Wilton’s Music Hall – until 16 March 2019
Uplifting, hilarious and witty – The Pirates of Penzance is a truly wonderful night out.
I have long been a fan of W.S. Gilbert and Arthur Sullivan’s Pirates of Penzance, so when I initially discovered that an all-male production existed I had a lot of questions: Were the female roles being rewritten? Was the show in a different key? Could the show actually be performed properly without any women?
I had no idea what to expect but without a doubt, when I saw the show at Wilton’s Music Hall, I was very pleasantly surprised. This production of The Pirates of Penzance’s charm lies in the fact that it knows exactly what it is and revels in the enjoyment of it. The show makes no attempt to trick the audience into thinking they are seeing anything but a group of men performing an opera – and it pokes fun at this very fact. There are no elaborate costumes or wigs to convince you otherwise. And yet, as the story continues you find yourself suspending your disbelief and getting lost in the story entirely.
One of my favourite moments was during “with cat-like tread, upon our prey we steal” – which is one of the most well-known pieces from the opera. When the pirates came on, each of them hold a torch which is being shone either on themselves, each other, or out to the audience. It is incredibly effective and really exciting to watch as it feels quite immersive when all of the stage lights are down – especially when all of the policemen are hiding in amongst the audience and shining their lights at everyone. It really brings the scene to life and shows that some of the best effects can still be very simplistic.
The costumes (designed by Robyn Wilson-Owen) are very minimalist – but effective. The daughters of the Major General’s costumes each consist of a corset and plain hoop skirt. However, this is still varied enough from the other outfits to establish them onstage. The same could be said for the pirates and the policemen, who also have very neutral colours to their costumes but still are specific enough in order for an audience to identify them.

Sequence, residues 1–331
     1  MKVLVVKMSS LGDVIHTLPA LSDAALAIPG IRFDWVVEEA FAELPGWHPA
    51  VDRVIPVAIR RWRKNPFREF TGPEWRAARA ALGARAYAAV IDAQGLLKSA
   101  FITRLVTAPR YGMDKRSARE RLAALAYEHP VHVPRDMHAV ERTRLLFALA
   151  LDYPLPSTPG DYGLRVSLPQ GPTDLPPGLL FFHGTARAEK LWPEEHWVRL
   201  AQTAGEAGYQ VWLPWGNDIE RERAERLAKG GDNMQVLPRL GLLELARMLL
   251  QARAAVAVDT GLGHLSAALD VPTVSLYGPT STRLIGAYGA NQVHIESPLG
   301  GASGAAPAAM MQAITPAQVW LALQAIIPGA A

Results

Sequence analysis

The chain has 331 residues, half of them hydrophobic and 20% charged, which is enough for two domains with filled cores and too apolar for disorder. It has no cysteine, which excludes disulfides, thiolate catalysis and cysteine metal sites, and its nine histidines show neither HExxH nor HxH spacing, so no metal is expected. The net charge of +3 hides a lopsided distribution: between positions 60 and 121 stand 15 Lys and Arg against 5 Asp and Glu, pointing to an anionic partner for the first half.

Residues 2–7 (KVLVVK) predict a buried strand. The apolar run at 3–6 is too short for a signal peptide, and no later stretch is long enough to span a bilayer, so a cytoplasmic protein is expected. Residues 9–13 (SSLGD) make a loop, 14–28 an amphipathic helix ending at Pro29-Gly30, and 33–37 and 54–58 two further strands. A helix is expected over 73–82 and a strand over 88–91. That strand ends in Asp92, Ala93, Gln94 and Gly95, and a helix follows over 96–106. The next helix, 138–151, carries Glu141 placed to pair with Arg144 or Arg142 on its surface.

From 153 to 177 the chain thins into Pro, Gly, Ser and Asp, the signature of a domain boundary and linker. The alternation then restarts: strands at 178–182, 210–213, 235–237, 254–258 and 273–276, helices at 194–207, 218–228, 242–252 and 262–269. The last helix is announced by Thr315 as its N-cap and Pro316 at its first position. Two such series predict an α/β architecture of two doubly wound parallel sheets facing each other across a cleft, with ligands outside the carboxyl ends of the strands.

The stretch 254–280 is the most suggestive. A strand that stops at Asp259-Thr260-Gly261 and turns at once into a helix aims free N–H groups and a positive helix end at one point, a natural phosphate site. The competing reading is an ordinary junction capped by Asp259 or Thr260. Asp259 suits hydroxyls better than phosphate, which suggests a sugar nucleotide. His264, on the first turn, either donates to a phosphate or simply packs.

Whilst this is very obviously an artistic choice, and makes characters such as the Major General (who is in a bright red coat in Act One) really stand out on stage, there are times when the principals are quite difficult to recognise during a scene. Characters such as Mabel and Frederick feel lost during large ensemble moments, and it would have been nice to have something to distinguish these characters a little bit more.
The music, as to be expected, was superb – despite the fact that the whole score was delivered entirely by voice and piano alone. The harmonies, and very impressive ranges of the actors, was faultless and they delivered the score beautifully whilst telling the story with clarity and conviction. There were a couple moments where I worried a little for some of the actors whose singing was particularly high, as I was concerned whether or not their voices would be under any strain from singing to such extremes, however they all seemed very comfortable throughout the performance and didn’t falter at all.
The direction of the piece by Sasha Regan was excellent. The British humour of the show was wonderfully executed and the audience, myself included, seemed to be in a constant state of euphoria throughout. The use of the space was also very smart, as characters frequently used the balcony of the Wilton Music Hall and weaved in and out of the audience. This was especially funny when the daughters were first being introduced and they burst into the audience, instantly sending everyone into hysterics. The comedic timing was perfect and I enjoyed this element of the show in particular immensely.
One issue I did notice was that, if I hadn’t previously known the opera and the story, the language of the piece can still feel a little inaccessible at times. This of course isn’t the fault of the creative team, as this show has been around 1879 – but maybe more needs to be done in order to bring the likes of opera to a younger audience? Much like the works of Shakespeare, I think many young people feel a little put-off shows when they don’t feel fully engaged due to a slight language barrier and therefore this might mean that maybe we need to find another way of telling these stories to new audiences so that classic operas such as this can continue to live on in a more modern format.
This production, as a whole, is a delight. It breathes a new depth into a classic and beloved opera without losing it’s eccentric British quality. I would highly recommend it to any fan of Gilbert and Sullivan, or anyone who can appreciate a witty and silly story about British pirates. It was a wonderful treat to experience and a joyous night out.
By Emily Schofield
The Pirates of Penzance continues to play at Wilton’s Music Hall until the 16th March.